By Mahoney, Diana
Clinical Psychiatry News , Vol. 32, No. 3
BOSTON -- Mindfulness training was shown to enhance cognitive-behavioral task-concentration techniques used to treat social phobia, Susan M. Bogels, Ph.D., reported at the annual meeting of the Association for Advancement of Behavior Therapy.
Dr. Bogels' findings are based on the preliminary results of a Dutch study involving 10 patients diagnosed with social phobia, as measured by the Social Phobia and Anxiety Inventory.
Patients were randomized to receive either combination therapy--mindfulness training plus task-concentration techniques--or task-concentration therapy alone.
Those who received combination therapy showed more significant improvements based on self-report measures in levels of anxiety caused by negative thoughts and worry, compared with patients in the task-concentration control group, said Dr. Bogels of the University of Maastricht (the Netherlands).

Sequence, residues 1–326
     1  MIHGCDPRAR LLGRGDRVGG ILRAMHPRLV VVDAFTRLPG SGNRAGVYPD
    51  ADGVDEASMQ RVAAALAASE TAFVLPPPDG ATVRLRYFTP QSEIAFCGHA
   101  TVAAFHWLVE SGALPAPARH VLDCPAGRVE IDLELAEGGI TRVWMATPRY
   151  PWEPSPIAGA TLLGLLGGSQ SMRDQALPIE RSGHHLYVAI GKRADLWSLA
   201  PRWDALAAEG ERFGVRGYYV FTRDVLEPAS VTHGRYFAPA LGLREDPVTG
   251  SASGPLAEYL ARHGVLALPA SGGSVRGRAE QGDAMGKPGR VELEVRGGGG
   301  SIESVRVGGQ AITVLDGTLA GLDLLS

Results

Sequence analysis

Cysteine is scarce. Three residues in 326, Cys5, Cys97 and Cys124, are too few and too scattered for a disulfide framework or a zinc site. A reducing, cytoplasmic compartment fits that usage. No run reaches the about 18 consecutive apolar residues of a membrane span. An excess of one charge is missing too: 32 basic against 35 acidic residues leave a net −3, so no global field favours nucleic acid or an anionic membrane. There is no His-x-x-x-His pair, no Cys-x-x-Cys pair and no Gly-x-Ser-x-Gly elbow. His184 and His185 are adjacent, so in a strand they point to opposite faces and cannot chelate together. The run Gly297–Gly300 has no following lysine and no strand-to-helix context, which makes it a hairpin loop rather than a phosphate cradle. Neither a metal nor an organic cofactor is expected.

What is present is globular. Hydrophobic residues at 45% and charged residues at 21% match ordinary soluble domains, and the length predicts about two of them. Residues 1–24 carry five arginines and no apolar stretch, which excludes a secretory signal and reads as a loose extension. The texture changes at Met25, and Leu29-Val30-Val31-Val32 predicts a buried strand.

All of the patients were evaluated before and after the trial using a detailed structured interview (Structured Clinical Interview for DSM-IV) conducted by trained researchers, as well as various measurements of symptom severity and symptom impact on quality of life, and all patients received nine sessions of the therapy.
As part of their therapy, patients in the experimental group received mindfulness training from therapists experienced in using the technique, which aims to change unhelpful and negative patterns of thinking that have become habit.
Studies have shown that such thinking contributes to depressed mood, stress, and anxiety.
"The [mindfulness training] approach focuses on the here and now, starting with body and breathing awareness--incorporating the advantages of applied relaxation--but also includes perceived negative aspects of self," Dr. Bogels said.
The mindfulness exercises were used as the "starting point" for the implementation of task-concentration techniques, she explained. …